Egypt

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Egypt redirects here. For information on the ancient civilization, see Ancient Egypt
جمهوريّة مصر العربيّة
Gomhuriat Masr Al-Arabiah
Arab Republic of Egypt
Flag of Egypt Coat of arms of Egypt
Flag Coat of arms
Motto:
Anthem: Bilady, Bilady, Bilady
Location of Egypt
Capital Cairo
30°2′ N 31°13′ E
Largest city Cairo
Official language(s) Arabic
Government
President of Egypt
Prime Minister of Egypt
Republic
Hosni Mubarak
Ahmed Nazif
Independence
Granted
Declared
From the United Kingdom
February 28, 1922
June 18, 1953
Area
• Total

• Water (%)

1,001,450 km² ( 30th)
{{{areami²}}} mi²

0.6%%
Population
2005 est.
• [[As of |]] census

Density

77,505,756 ( 15th)

77/km² ( 93rd)
{{{population_densitymi²}}}/mi²
GDP ( PPP)
• Total
• Per capita
2004 estimate
$282,333,000,000 ( 31st)
$4,072 ( 115th)
HDI ( 2003) 0.659 ( 119th) – medium
Currency Egyptian pound (LE) ( EGP)
Time zone
• Summer ( DST)
EET ( UTC+2)
EEST ( UTC+3)
Internet TLD .eg
Calling code +20

The Arab Republic of Egypt, commonly known as Egypt, (in Arabic: مصر, romanized Misr, in Egyptian Arabic Másr, ), is a republic in North Africa. While most of the country is geographically located in Africa, the Sinai Peninsula east of the Suez Canal is in Asia.

Covering an area of about 1,020,000 square kilometres (394,000 mi²), Egypt shares land borders with Libya to the west, Sudan to the south, and Israel and the Gaza Strip to the northeast and has coasts on the north and east by the Mediterranean Sea and the Red Sea, respectively.

Egypt is the fifteenth most populous country in the world. The vast majority of its 77 million population (2005) live near the banks of the Nile River (about 40,000 km² or 15,450 mi²), where the only arable agricultural land is found. Large areas of land are part of the Sahara Desert and are sparsely inhabited. About half of the Egyptian people today are urban, living in the densely populated centers of greater Cairo, the largest city in Africa, and Alexandria.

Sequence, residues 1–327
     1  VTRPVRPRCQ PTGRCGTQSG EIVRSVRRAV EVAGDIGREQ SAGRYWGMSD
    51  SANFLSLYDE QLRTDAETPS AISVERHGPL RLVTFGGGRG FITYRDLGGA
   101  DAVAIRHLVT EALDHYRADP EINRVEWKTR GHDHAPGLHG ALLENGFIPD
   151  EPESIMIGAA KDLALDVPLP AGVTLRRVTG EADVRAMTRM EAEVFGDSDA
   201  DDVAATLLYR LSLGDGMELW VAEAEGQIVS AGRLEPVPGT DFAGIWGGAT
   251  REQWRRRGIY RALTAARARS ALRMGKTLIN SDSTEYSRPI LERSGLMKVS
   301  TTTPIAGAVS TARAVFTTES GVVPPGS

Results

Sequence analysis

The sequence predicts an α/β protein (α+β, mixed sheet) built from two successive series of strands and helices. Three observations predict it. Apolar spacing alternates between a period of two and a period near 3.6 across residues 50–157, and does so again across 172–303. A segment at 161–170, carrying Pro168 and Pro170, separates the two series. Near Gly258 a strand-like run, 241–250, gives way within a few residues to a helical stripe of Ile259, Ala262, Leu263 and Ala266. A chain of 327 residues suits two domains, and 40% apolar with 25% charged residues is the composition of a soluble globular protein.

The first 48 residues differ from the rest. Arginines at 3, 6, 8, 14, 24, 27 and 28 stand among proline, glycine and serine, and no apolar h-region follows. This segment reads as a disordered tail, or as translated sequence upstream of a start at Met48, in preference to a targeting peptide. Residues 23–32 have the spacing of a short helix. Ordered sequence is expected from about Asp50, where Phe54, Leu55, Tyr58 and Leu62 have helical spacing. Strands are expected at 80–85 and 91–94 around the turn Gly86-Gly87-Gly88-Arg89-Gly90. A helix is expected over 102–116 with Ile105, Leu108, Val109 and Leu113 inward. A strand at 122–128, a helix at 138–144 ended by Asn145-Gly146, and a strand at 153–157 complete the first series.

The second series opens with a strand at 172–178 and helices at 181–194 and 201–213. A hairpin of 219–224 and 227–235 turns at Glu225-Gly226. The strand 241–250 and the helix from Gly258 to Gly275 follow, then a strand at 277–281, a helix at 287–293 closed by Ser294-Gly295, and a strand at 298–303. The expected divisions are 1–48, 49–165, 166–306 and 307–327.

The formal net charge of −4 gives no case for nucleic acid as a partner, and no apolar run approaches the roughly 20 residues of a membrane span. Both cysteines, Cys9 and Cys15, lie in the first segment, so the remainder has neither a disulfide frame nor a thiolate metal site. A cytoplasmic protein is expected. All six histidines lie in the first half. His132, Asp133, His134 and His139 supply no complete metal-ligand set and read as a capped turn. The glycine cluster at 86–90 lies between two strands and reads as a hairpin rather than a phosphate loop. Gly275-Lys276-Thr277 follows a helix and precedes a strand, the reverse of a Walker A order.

Egypt is famous for its ancient civilization and some of the world's most stunning ancient monuments, including the Giza Pyramids, the Karnak Temple and the Valley of the Kings; the southern city of Luxor contains a particularly large number of ancient artifacts. Today, Egypt is widely regarded as the main political and cultural centre of the Arab and Middle Eastern regions.

Origin and history of the name

Misr, the Arabic and official name for modern Egypt, is of Semitic origin directly cognate with the Hebrew מִצְרַיִם Mitzráyim meaning "the two straits", and possibly means "a country" or "a state." The ancient name for the country, kemet, or "black land," is derived from the fertile black soils deposited by the Nile floods, distinct from the 'red land' (deshret) of the desert. This name became keme in a later stage of Coptic. The English name "Egypt" came via the Latin word Aegyptus derived from the ancient Greek word Αίγυπτος Aiguptos (see also List of traditional Greek place names). This word may in turn be derived from the ancient Egyptian phrase ḥwt-k3-ptḥ ("Hwt ka Ptah") meaning "home of the Ka (part of the soul) of Ptah," the name of a temple of the god Ptah at Memphis. For details see the article Copt.

History

Main articles: History of Egypt and Ancient Egypt

The Great Sphinx of Giza, with the Pyramid of Khafre in the background are at the heart of Egypt's thriving tourism industry.
The Great Sphinx of Giza, with the Pyramid of Khafre in the background are at the heart of Egypt's thriving tourism industry.

The regularity and richness of the annual Nile River flood, coupled with semi-isolation provided by deserts to the east and west, allowed for the development of one of the world's great civilizations. A unified kingdom was founded circa 3200 BC by King Narmer, and a series of dynasties ruled in Egypt for the next three millennia. The last native dynasty, known as the Thirtieth Dynasty, fell to the Persians in 341 BC who dug the predecessor of the Suez canal and connected the Red Sea to the Mediterranean. Later, Egypt fell to the Greeks, Romans, Byzantines and Persians again.